Top Enlisted Leaders Focus on Troop, Family Wellness
By Elaine Sanchez
American Forces Press Service
WASHINGTON, March 29, 2012 The military needs to “eviscerate” societal problems plaguing the force with an unmatched and unyielding effort, the Marine Corps’ top enlisted leader said today.
Problems such as drugs, alcohol, domestic violence, criminal mischief and suicide are the “insurgents inside our wire,” Sgt. Maj. of the Marine Corps Micheal P. Barrett said. “We need to attack those damn things the same way you’d attack it if it was happening to one of your own children. That’s the level of commitment we have.”
Barrett was among the military’s top enlisted leaders who spoke on a panel this morning at the Defense Centers of Excellence for Psychological Health and Traumatic Brain Injury’s Warrior Resilience Conference here. The conference, in its fourth year, is intended to provide service members, units, families and communities with resilience-building techniques and tools.
The leaders touched on their services’ resilience-building programs and resources before taking questions from the audience, which included nearly 750 military leaders and behavioral health experts. Fiercely loyal to their individual services, the military’s top enlisted leaders had a few jibes for each other, but all agreed on one topic: caring for troops and their families.
Marine Corps Sgt. Maj. Bryan B. Battaglia, the senior enlisted advisor to Army Gen. Martin E. Dempsey, chairman of the Joint Chiefs of Staff, noted the importance of a troops’ Total Force Fitness. This initiative, led by the chairman, takes a holistic approach – encompassing mind and body -- to resilience building.
‘Total’ can be interpreted in two ways, he noted. It encompasses all service members, but also applies to the entire force -- troops, family members, ROTC students and military retirees.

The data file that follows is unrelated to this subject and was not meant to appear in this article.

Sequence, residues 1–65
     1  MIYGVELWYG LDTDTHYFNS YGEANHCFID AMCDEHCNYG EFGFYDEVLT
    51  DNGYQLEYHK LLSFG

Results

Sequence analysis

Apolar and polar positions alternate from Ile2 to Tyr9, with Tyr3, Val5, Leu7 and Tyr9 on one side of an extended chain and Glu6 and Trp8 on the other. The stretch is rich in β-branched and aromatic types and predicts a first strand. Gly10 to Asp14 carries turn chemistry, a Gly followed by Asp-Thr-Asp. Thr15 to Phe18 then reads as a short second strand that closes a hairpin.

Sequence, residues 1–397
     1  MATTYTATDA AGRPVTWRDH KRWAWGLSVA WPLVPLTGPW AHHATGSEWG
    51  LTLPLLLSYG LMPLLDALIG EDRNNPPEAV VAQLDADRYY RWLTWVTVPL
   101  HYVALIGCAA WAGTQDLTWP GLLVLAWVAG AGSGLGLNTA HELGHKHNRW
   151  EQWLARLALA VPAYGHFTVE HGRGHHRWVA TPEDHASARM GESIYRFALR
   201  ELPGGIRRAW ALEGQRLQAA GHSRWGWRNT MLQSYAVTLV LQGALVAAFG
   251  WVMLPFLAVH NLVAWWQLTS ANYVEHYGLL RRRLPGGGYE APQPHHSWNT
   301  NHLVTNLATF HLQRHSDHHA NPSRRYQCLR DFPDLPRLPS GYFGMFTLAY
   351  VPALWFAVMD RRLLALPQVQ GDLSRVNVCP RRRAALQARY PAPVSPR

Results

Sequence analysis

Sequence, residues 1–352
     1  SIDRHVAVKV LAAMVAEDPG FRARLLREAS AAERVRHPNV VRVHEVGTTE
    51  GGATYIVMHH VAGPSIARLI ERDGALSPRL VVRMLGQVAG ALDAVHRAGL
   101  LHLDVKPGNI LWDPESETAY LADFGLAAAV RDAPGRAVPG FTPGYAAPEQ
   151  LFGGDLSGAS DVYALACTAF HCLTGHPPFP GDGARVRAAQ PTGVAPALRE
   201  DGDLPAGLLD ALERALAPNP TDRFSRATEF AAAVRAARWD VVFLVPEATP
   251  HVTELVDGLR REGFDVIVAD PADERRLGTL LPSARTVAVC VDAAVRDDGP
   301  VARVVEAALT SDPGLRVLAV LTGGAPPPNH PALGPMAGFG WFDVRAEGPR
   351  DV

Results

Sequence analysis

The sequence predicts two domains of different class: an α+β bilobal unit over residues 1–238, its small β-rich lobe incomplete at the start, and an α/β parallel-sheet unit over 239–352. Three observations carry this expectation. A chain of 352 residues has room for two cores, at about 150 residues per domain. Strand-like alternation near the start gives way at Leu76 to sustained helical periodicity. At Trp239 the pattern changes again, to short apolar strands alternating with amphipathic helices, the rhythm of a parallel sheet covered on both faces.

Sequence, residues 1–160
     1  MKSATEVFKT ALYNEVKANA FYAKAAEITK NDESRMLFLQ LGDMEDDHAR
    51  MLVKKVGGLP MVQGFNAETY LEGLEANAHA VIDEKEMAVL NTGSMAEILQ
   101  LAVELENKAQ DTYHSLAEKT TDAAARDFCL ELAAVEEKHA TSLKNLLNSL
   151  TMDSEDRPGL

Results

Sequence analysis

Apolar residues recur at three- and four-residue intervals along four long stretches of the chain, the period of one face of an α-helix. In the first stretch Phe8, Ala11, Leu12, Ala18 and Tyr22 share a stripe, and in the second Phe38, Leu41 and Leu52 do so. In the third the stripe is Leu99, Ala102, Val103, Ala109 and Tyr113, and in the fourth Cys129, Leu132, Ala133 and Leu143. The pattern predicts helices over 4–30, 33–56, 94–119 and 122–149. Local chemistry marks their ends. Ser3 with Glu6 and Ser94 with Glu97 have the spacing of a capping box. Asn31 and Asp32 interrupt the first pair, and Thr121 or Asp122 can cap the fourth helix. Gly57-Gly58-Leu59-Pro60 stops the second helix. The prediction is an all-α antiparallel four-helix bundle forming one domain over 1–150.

“I believe if an individual, family or unit immerses itself in a behavior and lifestyle that thrives on resilience using Total Force Fitness, using our services’ programs, it will lead to things like increased stability within a home, elevated command climates, less divorce, reductions in suicide, better success in pain management, quicker recovery in rehabilitation, and that’s just to mention a few,” Battaglia said.
“Building and maintaining resilience to overcome adversity certainly takes discipline and determination,” he added. “Our message that needs to be conveyed continuously to our troops and to our families, as well as in our own offices and our households, is simple: stay fit, stay strong, stay resilient.”
Total Force Fitness is intended to serve as an overarching model that services can use as a springboard as they develop their own programs, Battaglia explained. TFF isn’t a medical manual, he noted, although medicine is certainly part of it. “It’s leadership,” he said. “It’s about knowing and caring for your people, possibly peer to peer. If that becomes the pill that cures the ill, then that’s the course of action we need to take.”
Barrett said the Marine Corps has adapted Total Force Fitness into Marine Total Fitness, which encompasses the physical, psychological, social and spiritual domains. The strategy is aimed at strengthening resilience. “It is every single commanding officer’s focus and goal to have an optimally combat-ready force,” he said, meaning troops are combat physically fit, cognitively fit, morally fit and their family is fit.
Barrett recalled a Marine who recently returned home from his third deployment, noting that deployment pace is not unusual in the past decade of war. What set the man apart is he lost an arm in combat, he said, yet served as an infantry squad leader, leading and running patrols. Another Marine has one leg, and still serves as a Marine scout sniper. “That’s Marine Total Fitness right there,” he said.
Sgt. Maj. of the Army Raymond F. Chandler III stressed the importance of seeking help early. “I’ve had my own challenges with my own personal resilience,” he said, “my ability to understand I’m not super human, but rather just a human, and at times, even I need help.”